Agasteeswarar, Villivakkam, Chennai

Basic information about the temple

Moolavar:AgasteeswararAmbal / Thayar:Swarnambigai
Deity:SivaHistorical name:Vilvaranyam, Vilvavanam
Vriksham:VilvamTeertham:Angaraka Teertham


Age (years):


Timing:6 to 12 & 4 to 8.30Parikaram:

Temple group:Vaippu Sthalam
Sung by:

Temple set:

Chennai Navagraham




City / town:VillivakkamDistrict:Chennai
Maps from (click): Current location Chennai (8 km)Tiruvallur (41 km)

Kanchipuram (78 km)Vellore (148 km)


Sthala puranam and temple information

During the wedding of Siva and Parvati, the celestials gathered in Kailasam, making the continent tilt. So, Siva requested Agastyar to go down south, to balance the world. This is one of the places Agastyar worshipped at, and also received the divine vision of the celestial wedding.

While he was here, the sage encountered two demons named Ilvala (or Vilvala) and Vatapi, who took pleasure in killing and eating sages. Their modus operandi was that Vatapi (who had a boon that would bring him back to life) would take the form of a goat, which would be served to the sages (apparently in those days, sages ate meat). But before the food could be digested, Ilvala would call for Vatapi to come out, and the latter would do so by rending the stomach of the sages, thereby killing them. They attempted the same approach with Agastyar, but with his foresight, the sage ensured that Vatapi (as a goat) was digested before Ilvala could call out for him. Unable to bear the loss of Vatapi, Ilavla also died from grief.

As the two demons were born to a sage, they were also, by causing their death, Agastyar was afflicted by Brahmahathi dosham, and so he prayed to Siva for relief. In addition to ridding the sage of the dosham – which explains the name of the moolavar – the Lord also deputed Veerabhadrar to protect the sage at all times, and so Veerabhadrar has a separate shrine here. Also, because he faces north, which is associated with the north and also with wealth, Veerabhadrar is called Aiswarya Veerabhadrar here.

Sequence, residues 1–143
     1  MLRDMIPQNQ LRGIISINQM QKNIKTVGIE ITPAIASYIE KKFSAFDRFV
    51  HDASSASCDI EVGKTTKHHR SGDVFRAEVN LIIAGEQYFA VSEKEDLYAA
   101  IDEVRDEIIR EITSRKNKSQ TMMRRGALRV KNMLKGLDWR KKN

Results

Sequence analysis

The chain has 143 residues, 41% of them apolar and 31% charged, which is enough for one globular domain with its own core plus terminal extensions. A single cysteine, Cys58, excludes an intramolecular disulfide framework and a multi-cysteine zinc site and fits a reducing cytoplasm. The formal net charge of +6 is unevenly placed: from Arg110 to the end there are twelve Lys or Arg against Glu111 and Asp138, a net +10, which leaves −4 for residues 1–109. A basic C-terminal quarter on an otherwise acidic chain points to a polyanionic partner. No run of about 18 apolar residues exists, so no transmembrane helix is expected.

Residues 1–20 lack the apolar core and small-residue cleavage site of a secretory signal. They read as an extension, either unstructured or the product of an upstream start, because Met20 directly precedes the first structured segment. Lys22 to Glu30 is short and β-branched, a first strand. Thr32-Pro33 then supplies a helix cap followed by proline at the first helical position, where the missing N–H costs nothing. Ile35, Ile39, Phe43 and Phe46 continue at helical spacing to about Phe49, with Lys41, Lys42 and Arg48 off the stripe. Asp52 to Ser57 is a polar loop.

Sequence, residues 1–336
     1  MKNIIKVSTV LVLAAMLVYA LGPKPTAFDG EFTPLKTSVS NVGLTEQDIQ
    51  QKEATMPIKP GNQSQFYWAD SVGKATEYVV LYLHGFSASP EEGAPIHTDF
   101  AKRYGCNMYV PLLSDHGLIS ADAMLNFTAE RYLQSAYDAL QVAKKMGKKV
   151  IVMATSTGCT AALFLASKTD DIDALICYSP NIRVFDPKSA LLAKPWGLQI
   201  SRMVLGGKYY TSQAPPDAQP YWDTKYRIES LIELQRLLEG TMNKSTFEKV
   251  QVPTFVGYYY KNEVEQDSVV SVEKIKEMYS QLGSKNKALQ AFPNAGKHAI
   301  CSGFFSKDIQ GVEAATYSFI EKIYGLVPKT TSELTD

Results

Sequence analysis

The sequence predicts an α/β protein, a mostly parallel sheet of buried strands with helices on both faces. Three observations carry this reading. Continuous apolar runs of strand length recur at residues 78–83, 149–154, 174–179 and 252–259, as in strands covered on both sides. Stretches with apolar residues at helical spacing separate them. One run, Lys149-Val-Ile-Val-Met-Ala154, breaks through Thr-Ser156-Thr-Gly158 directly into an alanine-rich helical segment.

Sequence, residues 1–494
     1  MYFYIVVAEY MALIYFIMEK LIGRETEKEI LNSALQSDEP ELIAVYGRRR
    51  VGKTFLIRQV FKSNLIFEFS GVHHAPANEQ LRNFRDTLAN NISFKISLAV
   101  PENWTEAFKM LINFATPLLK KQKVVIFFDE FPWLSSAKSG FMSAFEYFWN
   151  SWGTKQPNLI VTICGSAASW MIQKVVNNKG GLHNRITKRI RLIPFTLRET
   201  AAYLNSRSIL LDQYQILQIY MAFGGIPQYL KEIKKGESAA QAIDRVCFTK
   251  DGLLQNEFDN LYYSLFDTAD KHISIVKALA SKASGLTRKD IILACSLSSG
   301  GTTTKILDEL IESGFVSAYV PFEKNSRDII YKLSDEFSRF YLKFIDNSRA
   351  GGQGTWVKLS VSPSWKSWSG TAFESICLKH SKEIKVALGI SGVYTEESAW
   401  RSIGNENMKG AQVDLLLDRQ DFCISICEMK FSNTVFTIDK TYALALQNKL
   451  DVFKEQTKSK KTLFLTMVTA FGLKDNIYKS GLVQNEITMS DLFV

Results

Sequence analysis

When Siva blessed the sage, He appeared with Parvati who was wearing gold ornaments at the time, and so She is named Swarnambigai. The temple’s sthala puranam is also connected to that of the Sowmya Damodara Perumal temple nearby.

There are two stories as to the etymology of Villivakkam. One is that it is a corruption of Vilva-vanam, which was the ancient name of this place, as it was a forest of vilvam trees. The other takes its name from Ilvala from the temple’s sthala puranam. Also, etymologically significant is the place Konnur, located very close to the temple, which is named for the killing (konru, in Tamil) of the demons.

Sevvaai (Mars), one of the Navagraham, was suffering from a curse, and worshipped Siva here. Siva blessed him and relieved him of the curse, and out of gratitude, Sevvaai by creating a Teertham for Siva (which is the temple’s tank today, called the Angaraka Teertham). This temple is one of the Navagraham temples in and around Chennai, this one dedicated to Sevvaai (Mars). There is a separate shrine for Sevvaai between the temple and its large tank. This is a prarthana sthalam for devotees who seek to remove the obstacles caused by Sevvaai dosham, in getting married.

Based on some of the architecture, the structural temple here appears to be from the Chola period, dated to the 10th or 11th century. However, unusual for Chola temples is the fact that the vimanam over the garbhagriham is a Gajaprishtha vimanam (shaped like the back of a resting elephant), which is more associated with the Pallavas. The architecture here is nuanced, and the various murtis here are finely chiselled. In particular, one should not miss the Adhikara Nandi – the one with the human face – in a niche by the eastern door.

Although the moolavar faces east, and there is a gate on the eastern wall, the main entrance to the temple is via a mottai (flat) gopuram on the south. One enters the maha mandapam through the next entrance – also facing south, which leads straight to the Amman shrine.

Other Information for your visit


Phone: 044-26172326

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